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Type: Journal article
Title: Consequences of being accused of workplace bullying: An exploratory study
Author: Jenkins, M.
Winefield, H.
Sarris, A.
Citation: International Journal of Workplace Health Management, 2011; 4(1):33-47
Publisher: Emerald Group Publishing Ltd
Issue Date: 2011
ISSN: 1753-8351
Statement of
Moira Jenkins, Helen Winefield and Aspa Sarris
Abstract: Purpose – The purpose of this paper is to examine the perceptions of accused bullies in terms of their experiences of fairness in the manner in which the complaint against them was managed, and examine the subsequent health and career ramifications of being accused of workplace bullying. Design/methodology/approach – This exploratory study was carried out through a mixed methodology: 30 managers who had been accused of workplace bullying completed a survey about their experiences, and 24 of these participants were interviewed. A thematic analysis of the interview data was undertaken. Findings – A number of themes emerged from the analysis including negative psychological health outcomes for accused bullies in terms of depression, anxiety, post traumatic stress, and suicidal ideation. Other dominant themes were the poor perceptions of justice in the way in which the investigations were carried out, negative career consequences, and exit from the organization, whether the accusations of bullying were substantiated or not. Loss of confidence in the participants’ managerial abilities and roles also emerged as a significant ramification for a number of the accused bullies. Research limitations/implications – Despite the methodological limitations of such exploratory research, this study highlights the importance of organizations adhering to the principles of organizational justice when addressing workplace bullying complaints, including recognising the potential health consequences of a bullying investigation for the accused perpetrators as well as for the bullying victims. Originality/value – This is one of the few studies that examine workplace bullying from the perception of the accused bully and, as such, breaks a long tradition of workplace bullying research being informed only through victims’ accounts of workplace bullying.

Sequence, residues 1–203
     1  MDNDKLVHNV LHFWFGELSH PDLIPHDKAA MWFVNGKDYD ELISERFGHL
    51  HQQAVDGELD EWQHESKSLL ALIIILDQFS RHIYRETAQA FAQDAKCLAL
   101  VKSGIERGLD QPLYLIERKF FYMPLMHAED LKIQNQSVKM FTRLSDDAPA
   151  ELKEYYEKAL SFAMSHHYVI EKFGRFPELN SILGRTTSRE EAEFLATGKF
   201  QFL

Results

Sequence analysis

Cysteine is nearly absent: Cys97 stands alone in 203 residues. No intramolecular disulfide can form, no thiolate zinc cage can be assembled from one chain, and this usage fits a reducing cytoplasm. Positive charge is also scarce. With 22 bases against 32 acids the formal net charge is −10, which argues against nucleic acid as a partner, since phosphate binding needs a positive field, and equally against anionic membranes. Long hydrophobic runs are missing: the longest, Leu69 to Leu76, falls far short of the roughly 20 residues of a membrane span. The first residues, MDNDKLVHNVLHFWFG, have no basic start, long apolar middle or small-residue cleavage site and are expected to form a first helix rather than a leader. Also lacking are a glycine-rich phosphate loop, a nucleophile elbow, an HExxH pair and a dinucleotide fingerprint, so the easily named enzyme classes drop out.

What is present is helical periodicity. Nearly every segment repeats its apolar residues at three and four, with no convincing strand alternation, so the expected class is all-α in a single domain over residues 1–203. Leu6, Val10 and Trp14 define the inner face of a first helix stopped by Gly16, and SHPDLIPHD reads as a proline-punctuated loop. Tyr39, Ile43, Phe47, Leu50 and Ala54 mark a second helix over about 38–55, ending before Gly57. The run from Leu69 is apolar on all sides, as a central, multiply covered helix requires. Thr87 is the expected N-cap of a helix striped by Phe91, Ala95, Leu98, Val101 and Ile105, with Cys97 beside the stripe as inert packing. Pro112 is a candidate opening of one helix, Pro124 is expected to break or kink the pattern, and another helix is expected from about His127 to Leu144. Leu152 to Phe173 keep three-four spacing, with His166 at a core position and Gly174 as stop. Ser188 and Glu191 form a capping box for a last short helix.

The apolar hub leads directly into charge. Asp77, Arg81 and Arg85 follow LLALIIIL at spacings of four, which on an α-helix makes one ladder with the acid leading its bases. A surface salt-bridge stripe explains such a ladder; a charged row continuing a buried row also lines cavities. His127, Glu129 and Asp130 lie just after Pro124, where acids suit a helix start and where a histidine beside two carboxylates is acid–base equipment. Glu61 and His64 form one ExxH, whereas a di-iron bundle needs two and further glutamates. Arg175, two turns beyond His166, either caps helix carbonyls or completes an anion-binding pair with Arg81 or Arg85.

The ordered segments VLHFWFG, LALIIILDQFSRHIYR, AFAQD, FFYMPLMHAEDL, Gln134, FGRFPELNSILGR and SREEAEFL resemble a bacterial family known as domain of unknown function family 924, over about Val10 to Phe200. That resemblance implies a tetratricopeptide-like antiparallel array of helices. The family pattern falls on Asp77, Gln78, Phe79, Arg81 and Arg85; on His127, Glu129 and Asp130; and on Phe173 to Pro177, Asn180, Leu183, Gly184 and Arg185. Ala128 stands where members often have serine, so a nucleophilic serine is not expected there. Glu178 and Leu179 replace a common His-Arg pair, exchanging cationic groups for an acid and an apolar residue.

Keywords: Workplace; Bullying; Organizational behaviour; Social justice
Rights: Copyright Emerald Group Publishing Limited
RMID: 0020110815
DOI: 10.1108/17538351111118581
Appears in Collections:Psychology publications

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